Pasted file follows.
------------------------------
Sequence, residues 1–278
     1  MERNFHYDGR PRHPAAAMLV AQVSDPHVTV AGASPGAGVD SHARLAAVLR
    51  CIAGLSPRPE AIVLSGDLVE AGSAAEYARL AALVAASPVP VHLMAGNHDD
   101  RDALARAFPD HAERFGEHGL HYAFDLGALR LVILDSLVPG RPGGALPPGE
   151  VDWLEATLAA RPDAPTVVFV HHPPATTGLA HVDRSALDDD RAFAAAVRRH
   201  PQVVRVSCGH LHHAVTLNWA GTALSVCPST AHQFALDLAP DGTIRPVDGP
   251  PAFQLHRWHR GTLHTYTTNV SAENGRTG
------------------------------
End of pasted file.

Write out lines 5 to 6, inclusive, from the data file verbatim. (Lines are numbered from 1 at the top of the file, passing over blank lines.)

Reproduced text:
   151  VDWLEATLAA RPDAPTVVFV HHPPATTGLA HVDRSALDDD RAFAAAVRRH
   201  PQVVRVSCGH LHHAVTLNWA GTALSVCPST AHQFALDLAP DGTIRPVDGP